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In the days before Woke

shutter
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Re: In the days before Woke

Two of my favourite "welsh" sayings..... when in conversation with a welsh speaker, who is actually speaking English...

during the conversation you will often hear....  "Well,..... There you are then!"..... and you can emphasize that in so many different ways..... 

Well, .... There you are, then.

 

Well..... There you are then

 

Well... There you are then

 

Well.... There you are, then

and a bit of sarcasm in the voice for this one...

Well... There you are..... THEN....

 

Other one is, when you are a stranger to the area..... stop to ask directions... and you can guarantee, if there is a roundabout involved in the journey...       ."you go straight up round, and over by thur"....  making sure you notice which direction the person is waving his arms ! ! ...

Minivanman
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Re: In the days before Woke

@shutter 

Also need to watch out for ‘by yer’ or ‘by there’ when being given directions in Wales. 

'By yer' is to the left and 'by there' is to the right.

Used to really confuse me when I first came to live here.


Don't limit the friends you haven't met with arguments you'll never have.
gleneagles
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Re: In the days before Woke

Even groups of people can have there own slang….

Seemed to recall market traders in London had their own slang years ago…..

Even the word market trader makes people think of financial markets rather than those selling stuff from stalls.

 

We are born into history and history is born into us.
shutter
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Re: In the days before Woke


@Minivanman wrote:

@shutter 

Also need to watch out for ‘by yer’ or ‘by there’ when being given directions in Wales. 

'By yer' is to the left and 'by there' is to the right.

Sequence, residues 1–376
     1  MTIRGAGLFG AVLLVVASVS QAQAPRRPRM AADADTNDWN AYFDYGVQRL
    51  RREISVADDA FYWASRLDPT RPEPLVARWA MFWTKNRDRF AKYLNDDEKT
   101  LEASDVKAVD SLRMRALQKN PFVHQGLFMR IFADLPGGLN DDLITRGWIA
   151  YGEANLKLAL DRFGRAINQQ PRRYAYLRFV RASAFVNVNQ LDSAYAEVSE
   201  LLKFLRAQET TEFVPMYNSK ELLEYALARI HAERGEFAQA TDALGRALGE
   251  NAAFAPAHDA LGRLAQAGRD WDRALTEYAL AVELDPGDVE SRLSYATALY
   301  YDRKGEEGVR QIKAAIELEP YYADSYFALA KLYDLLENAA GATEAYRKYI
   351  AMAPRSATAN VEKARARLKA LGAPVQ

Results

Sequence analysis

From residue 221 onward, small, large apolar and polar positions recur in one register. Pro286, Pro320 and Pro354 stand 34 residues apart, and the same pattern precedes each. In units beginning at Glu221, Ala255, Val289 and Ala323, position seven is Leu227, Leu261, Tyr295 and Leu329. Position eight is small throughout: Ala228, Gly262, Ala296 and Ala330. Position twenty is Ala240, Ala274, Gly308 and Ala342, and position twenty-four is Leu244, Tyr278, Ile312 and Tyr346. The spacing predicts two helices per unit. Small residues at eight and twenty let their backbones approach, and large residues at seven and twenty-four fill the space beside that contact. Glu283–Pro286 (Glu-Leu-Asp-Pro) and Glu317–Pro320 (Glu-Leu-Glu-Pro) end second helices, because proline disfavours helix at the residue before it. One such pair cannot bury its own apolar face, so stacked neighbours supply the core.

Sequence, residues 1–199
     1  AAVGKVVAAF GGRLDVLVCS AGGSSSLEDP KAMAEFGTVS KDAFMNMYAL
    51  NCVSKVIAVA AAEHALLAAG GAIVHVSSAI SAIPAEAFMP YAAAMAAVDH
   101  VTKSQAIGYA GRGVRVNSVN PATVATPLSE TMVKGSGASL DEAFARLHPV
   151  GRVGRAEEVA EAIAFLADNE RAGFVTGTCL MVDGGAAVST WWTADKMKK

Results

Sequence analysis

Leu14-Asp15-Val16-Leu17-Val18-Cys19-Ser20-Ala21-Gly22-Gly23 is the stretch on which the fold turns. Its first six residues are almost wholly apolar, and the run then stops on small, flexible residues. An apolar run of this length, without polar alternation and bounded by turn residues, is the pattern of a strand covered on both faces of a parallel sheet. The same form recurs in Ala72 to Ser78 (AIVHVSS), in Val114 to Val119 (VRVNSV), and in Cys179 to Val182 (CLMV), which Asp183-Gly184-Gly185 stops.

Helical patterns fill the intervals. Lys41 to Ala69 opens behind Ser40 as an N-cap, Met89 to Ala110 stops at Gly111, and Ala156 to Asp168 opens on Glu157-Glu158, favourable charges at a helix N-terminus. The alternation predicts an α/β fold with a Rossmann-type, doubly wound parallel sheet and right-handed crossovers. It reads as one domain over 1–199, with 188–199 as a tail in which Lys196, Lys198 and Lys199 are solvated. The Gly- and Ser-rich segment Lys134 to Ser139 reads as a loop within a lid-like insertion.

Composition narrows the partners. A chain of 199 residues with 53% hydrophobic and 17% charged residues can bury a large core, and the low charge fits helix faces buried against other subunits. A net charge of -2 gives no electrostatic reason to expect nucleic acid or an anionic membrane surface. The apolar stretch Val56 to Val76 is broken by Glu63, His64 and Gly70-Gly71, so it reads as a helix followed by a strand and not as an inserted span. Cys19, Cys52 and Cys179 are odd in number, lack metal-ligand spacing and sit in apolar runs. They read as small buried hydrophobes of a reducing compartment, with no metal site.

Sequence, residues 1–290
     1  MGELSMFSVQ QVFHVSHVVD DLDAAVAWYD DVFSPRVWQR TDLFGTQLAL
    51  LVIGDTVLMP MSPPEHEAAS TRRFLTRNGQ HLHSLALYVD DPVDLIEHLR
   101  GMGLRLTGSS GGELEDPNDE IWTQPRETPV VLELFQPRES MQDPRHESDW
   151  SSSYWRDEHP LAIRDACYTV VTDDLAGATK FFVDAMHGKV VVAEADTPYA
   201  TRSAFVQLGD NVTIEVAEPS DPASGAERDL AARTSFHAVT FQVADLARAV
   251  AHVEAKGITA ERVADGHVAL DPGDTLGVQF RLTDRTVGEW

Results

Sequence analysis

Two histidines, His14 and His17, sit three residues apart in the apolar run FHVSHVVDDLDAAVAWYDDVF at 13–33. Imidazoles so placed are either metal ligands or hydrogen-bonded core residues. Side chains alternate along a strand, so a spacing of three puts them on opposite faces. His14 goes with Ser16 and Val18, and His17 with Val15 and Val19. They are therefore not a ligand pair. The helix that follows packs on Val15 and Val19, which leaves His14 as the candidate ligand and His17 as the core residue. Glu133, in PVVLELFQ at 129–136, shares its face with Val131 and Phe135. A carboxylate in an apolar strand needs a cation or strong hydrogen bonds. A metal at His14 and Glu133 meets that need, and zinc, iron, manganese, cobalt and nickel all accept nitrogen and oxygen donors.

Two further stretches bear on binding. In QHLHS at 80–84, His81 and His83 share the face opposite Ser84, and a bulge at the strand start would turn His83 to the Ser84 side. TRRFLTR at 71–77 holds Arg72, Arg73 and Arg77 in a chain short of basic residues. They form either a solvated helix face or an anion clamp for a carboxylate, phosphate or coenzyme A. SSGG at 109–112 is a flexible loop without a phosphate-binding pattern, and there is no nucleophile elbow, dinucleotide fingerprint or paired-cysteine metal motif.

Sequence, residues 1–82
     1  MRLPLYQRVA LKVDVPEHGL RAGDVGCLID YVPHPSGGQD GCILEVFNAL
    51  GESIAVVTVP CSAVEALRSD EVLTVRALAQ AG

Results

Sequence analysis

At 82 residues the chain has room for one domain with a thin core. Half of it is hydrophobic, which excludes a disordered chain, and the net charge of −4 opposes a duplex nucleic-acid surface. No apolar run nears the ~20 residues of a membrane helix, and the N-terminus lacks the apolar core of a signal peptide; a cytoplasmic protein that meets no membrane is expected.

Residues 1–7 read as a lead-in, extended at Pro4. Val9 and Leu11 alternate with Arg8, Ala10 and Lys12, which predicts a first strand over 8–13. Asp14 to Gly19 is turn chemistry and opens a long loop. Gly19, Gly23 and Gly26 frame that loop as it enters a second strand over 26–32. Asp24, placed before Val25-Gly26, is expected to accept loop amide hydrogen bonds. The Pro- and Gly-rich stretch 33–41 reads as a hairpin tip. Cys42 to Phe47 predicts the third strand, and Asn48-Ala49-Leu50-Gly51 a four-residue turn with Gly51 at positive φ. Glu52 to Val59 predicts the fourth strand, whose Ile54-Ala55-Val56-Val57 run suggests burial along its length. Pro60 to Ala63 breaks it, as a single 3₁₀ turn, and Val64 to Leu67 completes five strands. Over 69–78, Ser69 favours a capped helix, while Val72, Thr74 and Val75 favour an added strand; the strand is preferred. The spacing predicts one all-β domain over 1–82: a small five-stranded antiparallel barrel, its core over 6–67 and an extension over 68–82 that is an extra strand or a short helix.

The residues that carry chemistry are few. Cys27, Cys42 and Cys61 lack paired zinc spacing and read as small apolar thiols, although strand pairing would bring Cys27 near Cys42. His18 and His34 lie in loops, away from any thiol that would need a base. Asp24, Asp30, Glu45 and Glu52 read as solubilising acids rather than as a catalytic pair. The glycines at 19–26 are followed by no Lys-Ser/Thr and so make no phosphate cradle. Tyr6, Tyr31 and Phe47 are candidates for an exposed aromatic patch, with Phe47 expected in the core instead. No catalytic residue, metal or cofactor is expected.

Used to really confuse me when I first came to live here.



Yup... that can be confusing too !....

 

Minivanman
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Re: In the days before Woke

Just been having a conversation about using the term 'Oriental' as a descriptor and not knowing the answer I did a little googling.

Hmm, interesting.

The term ‘Oriental’ is outdated, but is it racist? - Los Angeles Times (latimes.com)

Anybody remember when I got taken to task here for using the term 'Who flung dung'.  😆

 

 


Don't limit the friends you haven't met with arguments you'll never have.
RobPN
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Re: In the days before Woke


@Minivanman wrote:

 

Anybody remember when I got taken to task here for using the term 'Who flung dung'.  😆


I remember it reary well @Minivanman Wink

Alex
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Re: In the days before Woke

Oooh dear, well my surname is 'Hunt', there are a few first names that don't go well with my surname.
Best not give examples here in public (although I can PM people them 🙂).

Cor - well the clue of my first name is in my forum name here! There are certain other names that I would be straight round the solicitors in the morning if it were my name. Would be getting that changed post haste.

Best shut up there.

Jonpe
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Re: In the days before Woke

The English spelling of words like centre being French no doubt dates back to the Normans who can be credited (blamed?) for giving us so many French words, or Latin words via French in some cases.  Noah Webster popularised American spellings already in existence, like center, color, and check (the method of payment).

Have you noticed that we now have a plural of the pronoun you?  I've heard it a lot on reality shows and when I Googled it, I was surprised to see how widespread it is.  The spelling seems to be yous but I've seen youse.

I wonder if the there now expression is a direct translation from the Celtic languages (where it might have a place) since I've heard it used by Irish people as well.  An Irish neighbour of mature years used to greet people with, "Good morning there now."